“Great things are done when men and mountains meet.”- William Blake
Sometimes, the inspiration to live a life that is stronger, happier and more fulfilled can be found in the stories and accomplishments of complete strangers.
As an 18-year-old girl in Bangalore, Krushnaa Patil watched the 19-year-old singing sensation, Rihanna, top the music charts in 2008. At that time, she had no idea that a year later, she would go on to become the youngest Indian woman to literally climb to the top of the world, Mount Everest.
Today, Krushnaa Patil is the first Indian woman to have climbed the highest peaks in Antarctica, South America and Europe.
Her journey is a testament to the resilience and determination of the human spirit. This is her inspiring story, in her own words.
“Every summer holiday my family would pack up a bag and go to the Himalayas. We would trek, explore, meet locals, stay…
If you are unable to view the post above, this is what she says:
“Every summer holiday my family would pack up a bag and go to the Himalayas. We would trek, explore, meet locals, stay in tents and cook our own food – there was something about the mountains that called out to me since then. I was so passionate that over the next few years I completed the basic and advanced mountaineering course and in 2008 I became the youngest person in the world to climb the Satopanth peak in the Himalayas. It was around this time that climbing Everest became my dream— but it wasn’t easy.
To start off with, it’s a really expensive process but my family did everything they could for me. My father took a loan from the bank and our house was put on mortgage without telling me a word— I was told that big corporates finally came ahead to sponsor my expedition. At 19, not only was I the youngest person on my team, but I was also the only woman — and that pushed me harder.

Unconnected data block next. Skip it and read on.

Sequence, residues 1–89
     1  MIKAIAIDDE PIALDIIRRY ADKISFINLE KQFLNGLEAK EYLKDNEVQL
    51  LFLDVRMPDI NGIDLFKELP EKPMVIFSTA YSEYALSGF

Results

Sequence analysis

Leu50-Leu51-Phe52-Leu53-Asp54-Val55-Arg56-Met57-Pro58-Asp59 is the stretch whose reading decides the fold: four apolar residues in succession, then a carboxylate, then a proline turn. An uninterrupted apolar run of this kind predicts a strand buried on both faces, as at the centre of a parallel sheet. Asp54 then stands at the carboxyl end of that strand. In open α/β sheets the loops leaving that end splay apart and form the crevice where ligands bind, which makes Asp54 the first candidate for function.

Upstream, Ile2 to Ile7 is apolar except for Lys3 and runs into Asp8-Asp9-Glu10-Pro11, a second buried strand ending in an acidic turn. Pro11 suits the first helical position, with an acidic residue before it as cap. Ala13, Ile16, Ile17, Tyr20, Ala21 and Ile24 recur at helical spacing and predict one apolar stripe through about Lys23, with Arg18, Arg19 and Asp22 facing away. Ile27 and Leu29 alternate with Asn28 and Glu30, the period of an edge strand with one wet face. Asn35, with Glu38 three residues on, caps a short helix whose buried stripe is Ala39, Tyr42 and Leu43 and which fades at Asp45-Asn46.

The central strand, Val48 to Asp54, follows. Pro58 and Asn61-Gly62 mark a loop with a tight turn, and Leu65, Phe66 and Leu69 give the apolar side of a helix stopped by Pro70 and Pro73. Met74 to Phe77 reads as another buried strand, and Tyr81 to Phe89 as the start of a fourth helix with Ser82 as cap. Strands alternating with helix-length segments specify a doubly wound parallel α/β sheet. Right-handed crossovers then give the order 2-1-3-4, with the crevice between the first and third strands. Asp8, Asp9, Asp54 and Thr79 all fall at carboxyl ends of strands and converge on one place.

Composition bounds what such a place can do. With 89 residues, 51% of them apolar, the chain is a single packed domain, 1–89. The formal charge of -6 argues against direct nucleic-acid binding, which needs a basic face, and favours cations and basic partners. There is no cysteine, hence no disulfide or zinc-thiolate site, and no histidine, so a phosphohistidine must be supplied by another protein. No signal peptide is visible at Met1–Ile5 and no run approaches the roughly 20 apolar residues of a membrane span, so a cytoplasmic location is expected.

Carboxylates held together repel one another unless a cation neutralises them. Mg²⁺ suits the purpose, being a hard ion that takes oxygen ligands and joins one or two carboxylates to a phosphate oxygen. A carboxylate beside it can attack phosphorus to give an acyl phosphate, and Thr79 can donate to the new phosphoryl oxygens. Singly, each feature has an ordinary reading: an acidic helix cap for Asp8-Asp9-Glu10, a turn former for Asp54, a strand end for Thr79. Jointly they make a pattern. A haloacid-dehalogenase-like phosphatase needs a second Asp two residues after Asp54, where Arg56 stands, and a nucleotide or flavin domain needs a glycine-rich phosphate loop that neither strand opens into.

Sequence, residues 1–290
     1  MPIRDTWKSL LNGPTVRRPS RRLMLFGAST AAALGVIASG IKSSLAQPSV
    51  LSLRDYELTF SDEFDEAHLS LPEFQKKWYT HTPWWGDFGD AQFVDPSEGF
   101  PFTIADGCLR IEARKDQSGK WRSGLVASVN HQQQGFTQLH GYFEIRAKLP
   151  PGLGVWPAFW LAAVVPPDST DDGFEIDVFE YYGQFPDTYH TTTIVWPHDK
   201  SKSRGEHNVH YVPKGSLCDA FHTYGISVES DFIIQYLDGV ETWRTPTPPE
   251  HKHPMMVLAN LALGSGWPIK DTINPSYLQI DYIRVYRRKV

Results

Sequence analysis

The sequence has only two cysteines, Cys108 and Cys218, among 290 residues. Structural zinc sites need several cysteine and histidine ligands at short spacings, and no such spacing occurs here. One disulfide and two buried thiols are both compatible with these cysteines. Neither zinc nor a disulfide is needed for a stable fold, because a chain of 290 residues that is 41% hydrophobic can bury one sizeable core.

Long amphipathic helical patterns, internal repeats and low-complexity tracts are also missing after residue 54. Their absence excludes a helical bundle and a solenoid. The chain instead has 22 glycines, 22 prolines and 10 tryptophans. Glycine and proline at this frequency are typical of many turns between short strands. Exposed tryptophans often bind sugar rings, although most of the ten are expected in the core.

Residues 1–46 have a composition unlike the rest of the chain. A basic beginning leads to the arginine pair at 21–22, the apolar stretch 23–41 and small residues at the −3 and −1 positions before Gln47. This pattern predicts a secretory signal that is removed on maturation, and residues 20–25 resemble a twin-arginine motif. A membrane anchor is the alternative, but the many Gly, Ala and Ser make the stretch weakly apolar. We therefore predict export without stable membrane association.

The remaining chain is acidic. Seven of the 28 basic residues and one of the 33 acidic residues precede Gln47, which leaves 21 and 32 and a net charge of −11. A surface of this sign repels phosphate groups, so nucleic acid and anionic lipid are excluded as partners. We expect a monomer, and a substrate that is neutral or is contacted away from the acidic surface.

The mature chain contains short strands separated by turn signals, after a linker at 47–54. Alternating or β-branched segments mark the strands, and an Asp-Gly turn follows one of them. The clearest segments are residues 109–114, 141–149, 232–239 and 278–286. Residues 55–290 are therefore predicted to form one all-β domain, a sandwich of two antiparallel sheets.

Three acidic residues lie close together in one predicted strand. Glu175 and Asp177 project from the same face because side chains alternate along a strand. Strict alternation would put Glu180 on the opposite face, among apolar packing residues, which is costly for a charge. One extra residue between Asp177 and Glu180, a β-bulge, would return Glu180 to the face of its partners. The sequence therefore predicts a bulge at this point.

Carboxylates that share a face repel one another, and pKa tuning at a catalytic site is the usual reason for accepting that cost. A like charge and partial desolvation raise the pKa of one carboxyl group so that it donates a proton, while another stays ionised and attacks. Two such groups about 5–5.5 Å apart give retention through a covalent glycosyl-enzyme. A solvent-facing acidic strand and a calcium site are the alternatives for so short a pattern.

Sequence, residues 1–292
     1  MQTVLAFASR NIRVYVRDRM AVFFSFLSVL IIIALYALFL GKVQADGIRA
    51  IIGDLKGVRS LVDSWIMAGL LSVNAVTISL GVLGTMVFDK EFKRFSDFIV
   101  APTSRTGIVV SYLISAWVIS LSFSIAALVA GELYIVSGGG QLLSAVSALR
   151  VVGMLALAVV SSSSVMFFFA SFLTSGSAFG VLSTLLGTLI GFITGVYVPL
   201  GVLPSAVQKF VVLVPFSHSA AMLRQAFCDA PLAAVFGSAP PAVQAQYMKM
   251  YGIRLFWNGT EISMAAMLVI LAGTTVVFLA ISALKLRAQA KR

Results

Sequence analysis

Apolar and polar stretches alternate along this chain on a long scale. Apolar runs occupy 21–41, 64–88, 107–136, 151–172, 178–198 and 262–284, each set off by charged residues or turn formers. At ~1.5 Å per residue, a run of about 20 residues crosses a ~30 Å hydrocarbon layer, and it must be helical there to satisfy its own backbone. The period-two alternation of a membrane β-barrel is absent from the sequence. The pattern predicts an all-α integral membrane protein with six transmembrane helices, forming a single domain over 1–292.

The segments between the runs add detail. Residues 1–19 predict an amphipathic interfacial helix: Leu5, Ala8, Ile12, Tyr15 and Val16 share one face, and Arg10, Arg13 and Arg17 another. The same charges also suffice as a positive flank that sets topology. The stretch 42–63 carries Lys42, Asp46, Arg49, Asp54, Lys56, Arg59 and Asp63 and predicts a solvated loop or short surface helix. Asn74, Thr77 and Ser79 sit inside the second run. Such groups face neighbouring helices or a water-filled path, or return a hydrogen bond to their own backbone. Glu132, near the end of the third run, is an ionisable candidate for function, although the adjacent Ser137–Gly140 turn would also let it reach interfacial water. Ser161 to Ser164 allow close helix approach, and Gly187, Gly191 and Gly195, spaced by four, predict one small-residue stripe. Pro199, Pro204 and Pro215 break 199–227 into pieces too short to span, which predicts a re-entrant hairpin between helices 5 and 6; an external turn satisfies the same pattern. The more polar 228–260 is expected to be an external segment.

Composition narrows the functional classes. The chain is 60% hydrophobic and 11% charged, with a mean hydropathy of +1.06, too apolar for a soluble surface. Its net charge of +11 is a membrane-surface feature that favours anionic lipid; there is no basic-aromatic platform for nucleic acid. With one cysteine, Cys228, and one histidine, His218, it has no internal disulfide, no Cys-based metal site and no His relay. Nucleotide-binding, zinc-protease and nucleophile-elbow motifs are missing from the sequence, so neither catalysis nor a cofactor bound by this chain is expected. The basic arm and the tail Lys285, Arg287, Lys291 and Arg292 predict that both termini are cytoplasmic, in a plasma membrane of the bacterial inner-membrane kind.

We began the climb and the journey to Everest brought difficult circumstances to us. Early on, we had to face an avalanche and a snow storm, but the worst part of it was losing a team member. I was scared, but I couldn’t allow the fear to take over me…so the only thing to do was to move forward. Over the next few days 2 more of our team members had to be rescued half way, but I was determined to get to the top and take in as much as I could on the way.
I distinctly remember a moment when I was above the clouds and the sun began to rise on one end and the shadow of the mountain gave darkness to another. I was part of that shadow but I was still above the sun. It was a moment when everything stood still and I was a part of day and night all at once.
When we reached the top I struggled to feel something, there were people crying and others screaming but I just felt silence, I felt Shuniya, I felt complete. The only thing that came to my mind at that point was my family, and how I wanted to make it back down to tell them about the top; about how much I love them.
I did reach down safely and in the same year I attempted to become the first woman to climb the 7 highest peaks— but 750m away from the final peak in Alaska, there was a political intrusion and I couldn’t finish my climb or get the record — I was so upset, I cried for hours. It was only later that I realised how foolish we are to give so much importance to success or failure, but no importance to the journey of it all.
I got back to life and started to tell the stories of my climb through my dance. So that’s my story — I’ve climbed Mount Everest and I understand that just because I have, doesn’t mean I’ll be successful or always make it to the top – it doesn’t mean everything I do will be as thrilling as the climb— it just means that I’m trying and I will put all my heart into trying no matter the success or failure. That’s the one thing climbing Everest taught me — that there is infinite power in what the heart wants and if you have the courage to trust it, life will present magnificent things to you…not necessarily ‘at the top’ but even on the way there.”